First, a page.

Burger King, which was founded in 1953, found itself in the center of a class action lawsuit. The fast food giant was accused of overcharging customers.
Although the chain denies any wrong doing, they settled the lawsuit and are now offering refunds to those customers who were overcharged.
Burger King Corporation shared a press release on Dec. 22, 2017 with details about the settlement and instructions on how to claim a refund.
But the court date won’t be until April 3, 2018 to determine if the settlement was fair in the court’s eyes.
The lawsuit stems from customers who were overcharged while purchasing Croissan’wich breakfast sandwiches using a buy-one-get-one-free coupon. BK was accused of inflating the prices of the sandwiches who were using the coupons in order to make more money.
Koleta Anderson of Maryland first filed the suit in May of 2017. Anderson claims she noticed the pricing discrepancy after using the coupon and was charged $3.19 pre-tax.
But when she purchased the same sandwich without a coupon, her total was only $2.16 pre-tax.
She also claims this happened at several other locations where she attempted the exact same purchases.
The lawyer she hired used an investigator to back Anderson’s claims and came up with the same results. Still, BK denies any wrong doing despite settling the lawsuit.
Because of the settlement, anyone who purchased “purchased two or more modified Croissan’wich breakfast sandwiches (without egg, cheese and/or a meat) from a Burger King restaurant, redeemed a BOGO coupon in connection with the purchase, and paid more than the amount that restaurant was charging at the time for a single, unmodified, higher-priced Croissan’wich” can claim a $5 cash payment or a $2 gift card.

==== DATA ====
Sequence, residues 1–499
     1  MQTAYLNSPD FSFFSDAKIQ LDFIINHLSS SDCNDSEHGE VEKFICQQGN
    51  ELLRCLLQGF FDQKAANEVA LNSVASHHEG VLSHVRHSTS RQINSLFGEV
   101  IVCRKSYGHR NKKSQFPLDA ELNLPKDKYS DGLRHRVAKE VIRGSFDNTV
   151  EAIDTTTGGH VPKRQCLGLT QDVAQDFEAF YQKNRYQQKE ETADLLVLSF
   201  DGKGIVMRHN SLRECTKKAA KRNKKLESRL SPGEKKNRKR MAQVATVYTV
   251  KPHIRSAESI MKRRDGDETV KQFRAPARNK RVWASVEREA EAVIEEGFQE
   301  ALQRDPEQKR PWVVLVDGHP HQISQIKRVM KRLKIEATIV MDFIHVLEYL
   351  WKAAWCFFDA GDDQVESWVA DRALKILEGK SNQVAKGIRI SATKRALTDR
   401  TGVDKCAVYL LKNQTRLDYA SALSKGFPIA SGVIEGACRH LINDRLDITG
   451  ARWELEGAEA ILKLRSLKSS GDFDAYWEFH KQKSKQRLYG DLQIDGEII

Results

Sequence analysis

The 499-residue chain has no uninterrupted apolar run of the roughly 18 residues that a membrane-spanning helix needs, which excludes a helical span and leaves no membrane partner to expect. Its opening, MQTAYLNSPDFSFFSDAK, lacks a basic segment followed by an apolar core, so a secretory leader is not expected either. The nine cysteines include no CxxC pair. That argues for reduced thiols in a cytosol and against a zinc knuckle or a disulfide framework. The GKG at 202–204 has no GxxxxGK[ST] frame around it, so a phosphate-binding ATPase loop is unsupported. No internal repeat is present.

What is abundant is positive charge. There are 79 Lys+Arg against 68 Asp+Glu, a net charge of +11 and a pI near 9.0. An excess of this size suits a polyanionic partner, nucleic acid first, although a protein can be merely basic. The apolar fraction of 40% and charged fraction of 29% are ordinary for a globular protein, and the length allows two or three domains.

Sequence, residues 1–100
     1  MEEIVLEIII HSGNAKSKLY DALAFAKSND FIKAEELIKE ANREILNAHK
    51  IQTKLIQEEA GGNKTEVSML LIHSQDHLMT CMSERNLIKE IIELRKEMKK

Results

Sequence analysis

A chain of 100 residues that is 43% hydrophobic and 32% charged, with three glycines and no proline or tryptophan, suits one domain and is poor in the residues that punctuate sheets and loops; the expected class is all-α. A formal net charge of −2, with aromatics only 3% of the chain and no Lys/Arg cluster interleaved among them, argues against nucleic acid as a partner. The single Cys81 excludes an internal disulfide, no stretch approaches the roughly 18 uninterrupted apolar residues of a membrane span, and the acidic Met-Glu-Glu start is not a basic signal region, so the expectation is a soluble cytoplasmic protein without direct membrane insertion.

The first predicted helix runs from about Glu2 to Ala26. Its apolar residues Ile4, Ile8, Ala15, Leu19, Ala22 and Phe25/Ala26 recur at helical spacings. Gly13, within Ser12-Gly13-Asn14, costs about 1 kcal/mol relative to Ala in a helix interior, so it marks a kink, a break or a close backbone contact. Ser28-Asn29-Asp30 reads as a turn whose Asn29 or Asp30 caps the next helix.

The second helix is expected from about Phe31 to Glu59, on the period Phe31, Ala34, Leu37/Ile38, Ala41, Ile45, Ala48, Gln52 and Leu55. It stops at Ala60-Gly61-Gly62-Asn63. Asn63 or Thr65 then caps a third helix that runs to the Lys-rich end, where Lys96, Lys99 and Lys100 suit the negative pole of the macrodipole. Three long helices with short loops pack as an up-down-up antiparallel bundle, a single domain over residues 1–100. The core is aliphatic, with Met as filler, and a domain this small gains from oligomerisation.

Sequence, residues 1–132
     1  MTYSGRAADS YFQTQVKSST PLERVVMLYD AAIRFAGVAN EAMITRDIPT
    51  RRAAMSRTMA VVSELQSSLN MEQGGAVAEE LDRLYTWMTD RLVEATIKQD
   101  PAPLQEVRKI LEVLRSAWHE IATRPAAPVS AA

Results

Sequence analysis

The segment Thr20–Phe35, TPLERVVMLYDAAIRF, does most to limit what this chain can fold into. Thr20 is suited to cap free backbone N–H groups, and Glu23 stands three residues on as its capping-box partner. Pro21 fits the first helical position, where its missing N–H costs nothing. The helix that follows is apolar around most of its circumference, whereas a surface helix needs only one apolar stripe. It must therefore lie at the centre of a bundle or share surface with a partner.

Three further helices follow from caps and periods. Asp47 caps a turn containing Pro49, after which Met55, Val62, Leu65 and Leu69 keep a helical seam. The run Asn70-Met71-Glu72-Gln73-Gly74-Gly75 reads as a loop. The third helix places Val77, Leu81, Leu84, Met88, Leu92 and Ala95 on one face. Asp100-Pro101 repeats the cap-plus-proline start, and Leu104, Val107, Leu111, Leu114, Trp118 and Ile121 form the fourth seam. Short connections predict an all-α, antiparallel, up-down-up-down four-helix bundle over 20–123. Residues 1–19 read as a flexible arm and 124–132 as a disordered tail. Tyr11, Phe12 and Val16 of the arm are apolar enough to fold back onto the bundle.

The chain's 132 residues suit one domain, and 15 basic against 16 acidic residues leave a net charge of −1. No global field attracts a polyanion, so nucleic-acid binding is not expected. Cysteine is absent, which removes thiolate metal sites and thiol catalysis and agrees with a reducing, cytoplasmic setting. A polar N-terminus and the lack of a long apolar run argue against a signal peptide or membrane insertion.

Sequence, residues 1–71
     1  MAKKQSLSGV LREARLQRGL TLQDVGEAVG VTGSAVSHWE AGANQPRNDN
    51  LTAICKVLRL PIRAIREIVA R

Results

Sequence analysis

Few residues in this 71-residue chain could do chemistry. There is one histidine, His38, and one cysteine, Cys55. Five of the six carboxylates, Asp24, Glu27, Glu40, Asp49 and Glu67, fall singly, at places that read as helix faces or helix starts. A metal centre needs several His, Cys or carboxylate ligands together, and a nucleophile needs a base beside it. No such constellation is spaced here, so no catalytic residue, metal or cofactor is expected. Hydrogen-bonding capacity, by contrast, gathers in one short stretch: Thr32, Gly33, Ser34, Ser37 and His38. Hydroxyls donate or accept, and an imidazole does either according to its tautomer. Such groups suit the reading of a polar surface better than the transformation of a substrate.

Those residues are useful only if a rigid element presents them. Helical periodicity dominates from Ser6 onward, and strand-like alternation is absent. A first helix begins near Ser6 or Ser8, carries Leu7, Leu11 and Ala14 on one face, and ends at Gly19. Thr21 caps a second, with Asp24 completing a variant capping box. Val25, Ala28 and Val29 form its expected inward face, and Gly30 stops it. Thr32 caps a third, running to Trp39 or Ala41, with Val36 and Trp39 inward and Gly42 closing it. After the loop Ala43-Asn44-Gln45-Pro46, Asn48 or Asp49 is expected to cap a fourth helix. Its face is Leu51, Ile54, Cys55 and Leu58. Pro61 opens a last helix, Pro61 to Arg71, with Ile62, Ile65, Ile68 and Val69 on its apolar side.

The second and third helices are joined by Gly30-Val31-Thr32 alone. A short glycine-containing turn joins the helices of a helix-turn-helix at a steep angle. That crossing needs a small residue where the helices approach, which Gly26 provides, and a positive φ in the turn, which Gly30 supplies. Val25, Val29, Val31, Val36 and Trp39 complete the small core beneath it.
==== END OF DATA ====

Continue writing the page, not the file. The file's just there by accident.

Customers who have receipts of proof of purchase can claim the $5 cash refund for each eligible receipt. A $2 gift card option is offered to those with or without receipts.
A valid claim form must be submitted by Jan. 19, 2018 via the settlement website BK’s law office has set up.
Burger King also stated that employees have “implemented corrective changes at the point of sale.”
It does make you wonder, if BKC claims they did nothing wrong, then what corrective changes did they actually make?
Regardless, the settlement is to right a wrong.
Let’s just hope it doesn’t happen again. I will certainly be checking my receipts more closely going forward, everywhere I dine.
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